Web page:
Beer Beer

Jana Krocakova and Petra Plankova of Mamma HELP show off their new brew aimed at helping breast cancer patients undergoing chemo to "feel normal" and overcome their impaired sense of taste. Elizabeth Zahradnicek-Haas hide caption

toggle caption
Elizabeth Zahradnicek-Haas

Some beer makers are excited about the possibility of using modified yeast to flavor beer instead of hops, which require a lot of water to grow. Mint Images/Getty Images/Mint Images RF hide caption

toggle caption
Mint Images/Getty Images/Mint Images RF

Mexicali Resiste members chat outside their encampment in front of Baja California's government offices in Mexicali. From left to right, Alberto Salcido, Francisco Javier Trujillo, Mauricio Villa, Jesus Galaz Duarte and Jorge Benitez. Alex Zaragoza hide caption

toggle caption
Alex Zaragoza

Andrea Stanley of Valley Malt in Hadley, Mass., steeps small amounts of malt as part of the international Pink Boots Collaboration Brew Day, an event meant to highlight women's growing influence on the beer industry. Jesse Costa/WBUR hide caption

toggle caption
Jesse Costa/WBUR

Fresh and dried yeast. It might not look like much, but it has shaped the way we eat and live, according to a new book. Maximilian Stock Ltd./Getty Images hide caption

toggle caption
Maximilian Stock Ltd./Getty Images

Magdalena Neuner of Germany enjoys a glass of Erdinger nonalcoholic beer after a medal ceremony at the biathlon world championships in Ruhpolding, Germany, in 2012. Today's Olympians have been swept up in a new trend largely emerging from Bavaria: nonalcoholic athletic recovery beers. Alexander Hassenstein/Bongarts/Getty Images hide caption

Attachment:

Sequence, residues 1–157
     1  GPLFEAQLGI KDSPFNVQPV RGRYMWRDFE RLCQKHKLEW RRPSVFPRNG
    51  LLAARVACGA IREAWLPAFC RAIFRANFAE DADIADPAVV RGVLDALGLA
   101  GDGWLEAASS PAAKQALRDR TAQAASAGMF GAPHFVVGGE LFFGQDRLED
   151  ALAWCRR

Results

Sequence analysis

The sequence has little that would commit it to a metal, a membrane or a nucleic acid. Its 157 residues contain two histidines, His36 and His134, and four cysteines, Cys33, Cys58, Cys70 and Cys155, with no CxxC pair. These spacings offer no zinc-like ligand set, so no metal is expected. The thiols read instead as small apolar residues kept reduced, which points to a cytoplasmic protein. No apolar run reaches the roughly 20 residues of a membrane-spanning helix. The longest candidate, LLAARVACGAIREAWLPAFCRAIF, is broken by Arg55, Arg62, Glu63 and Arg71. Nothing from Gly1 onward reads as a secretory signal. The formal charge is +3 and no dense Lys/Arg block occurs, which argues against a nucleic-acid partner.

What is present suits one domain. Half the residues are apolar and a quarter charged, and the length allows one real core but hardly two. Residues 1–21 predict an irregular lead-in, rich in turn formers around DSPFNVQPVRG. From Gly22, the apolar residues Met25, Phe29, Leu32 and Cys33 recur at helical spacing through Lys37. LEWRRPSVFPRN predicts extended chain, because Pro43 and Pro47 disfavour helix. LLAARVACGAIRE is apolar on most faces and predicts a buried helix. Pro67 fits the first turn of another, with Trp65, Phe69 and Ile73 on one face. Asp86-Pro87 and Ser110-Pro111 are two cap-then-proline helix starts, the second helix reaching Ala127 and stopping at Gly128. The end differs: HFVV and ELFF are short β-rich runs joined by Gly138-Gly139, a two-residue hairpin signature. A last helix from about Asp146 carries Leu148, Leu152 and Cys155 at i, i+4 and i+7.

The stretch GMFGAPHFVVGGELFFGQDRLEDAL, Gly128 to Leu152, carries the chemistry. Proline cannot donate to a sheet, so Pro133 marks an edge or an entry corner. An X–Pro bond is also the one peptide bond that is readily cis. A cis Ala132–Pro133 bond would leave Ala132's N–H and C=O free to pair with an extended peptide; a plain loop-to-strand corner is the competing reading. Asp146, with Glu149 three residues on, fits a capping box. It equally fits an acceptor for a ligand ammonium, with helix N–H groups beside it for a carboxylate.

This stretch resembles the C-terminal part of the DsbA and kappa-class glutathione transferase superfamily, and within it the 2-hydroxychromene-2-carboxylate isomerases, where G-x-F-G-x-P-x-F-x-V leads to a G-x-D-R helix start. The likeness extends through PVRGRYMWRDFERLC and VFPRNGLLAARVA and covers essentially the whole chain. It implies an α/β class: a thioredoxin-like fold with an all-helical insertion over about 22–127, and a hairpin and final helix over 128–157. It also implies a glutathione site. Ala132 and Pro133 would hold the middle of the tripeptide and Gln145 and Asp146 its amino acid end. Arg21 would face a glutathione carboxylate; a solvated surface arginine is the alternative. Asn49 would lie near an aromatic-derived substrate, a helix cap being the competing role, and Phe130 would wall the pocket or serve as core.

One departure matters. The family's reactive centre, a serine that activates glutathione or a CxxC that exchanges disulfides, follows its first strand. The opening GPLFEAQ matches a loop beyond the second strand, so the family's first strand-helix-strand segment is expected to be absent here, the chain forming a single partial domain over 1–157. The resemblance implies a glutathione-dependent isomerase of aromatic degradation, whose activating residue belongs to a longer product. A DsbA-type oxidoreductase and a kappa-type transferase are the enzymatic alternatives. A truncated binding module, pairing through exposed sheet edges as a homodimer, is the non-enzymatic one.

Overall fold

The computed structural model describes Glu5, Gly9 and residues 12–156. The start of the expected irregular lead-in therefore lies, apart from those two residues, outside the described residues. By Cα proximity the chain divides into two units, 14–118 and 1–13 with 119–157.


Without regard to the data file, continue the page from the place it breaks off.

toggle caption
Alexander Hassenstein/Bongarts/Getty Images

Beyond ingredients and recipes, Guinness has used aggressive exporting and clever marketing to become a global brand. Jirka Matousek/Flickr hide caption

toggle caption
Jirka Matousek/Flickr

Behind The Genius Of Guinness, Ireland's Most Popular Tourist Attraction

  • Download
  • <iframe src="https://www.npr.org/player/embed/577654344/577969877" width="100%" height="290" frameborder="0" scrolling="no" title="NPR embedded audio player">
  • Transcript

A head of poor-quality malt barley taken directly from a field in Power, Mont. Heat and a lack of water resulted in small and light kernels. Grain rejected for malt barley often ends up as animal feed. Tony Bynum/Food & Environment Reporting Network hide caption

toggle caption
Tony Bynum/Food & Environment Reporting Network

A fridge holds Anheuser-Busch's Budweiser and Grupo Modelo's Corona Light beers. Lawmakers are touting craft breweries as the winners from the tax cuts, but public health officials are concerned about lost tax revenues and rising public costs. Joe Raedle/Getty Images hide caption

toggle caption
Joe Raedle/Getty Images

For craft breweries, the Senate's tax code overhaul could be very good for business. The plan includes a provision that would save alcohol producers $4.2 billion from 2018 to 2019. Scott Olson/Getty Images hide caption

toggle caption
Scott Olson/Getty Images

Left: A bartender at Hops & Barley brew pub pours a pint of beer in Berlin, Germany. Right: A portrait of Martin Luther. The protest that Luther launched 500 years ago not only revamped how Europe worshiped, but also how it drank. He and his followers promoted hops in beer as an act of rebellion against the Catholic Church. left: Adam Berry Right: Ullstein bild via/Getty Images hide caption

toggle caption
left: Adam Berry Right: Ullstein bild via/Getty Images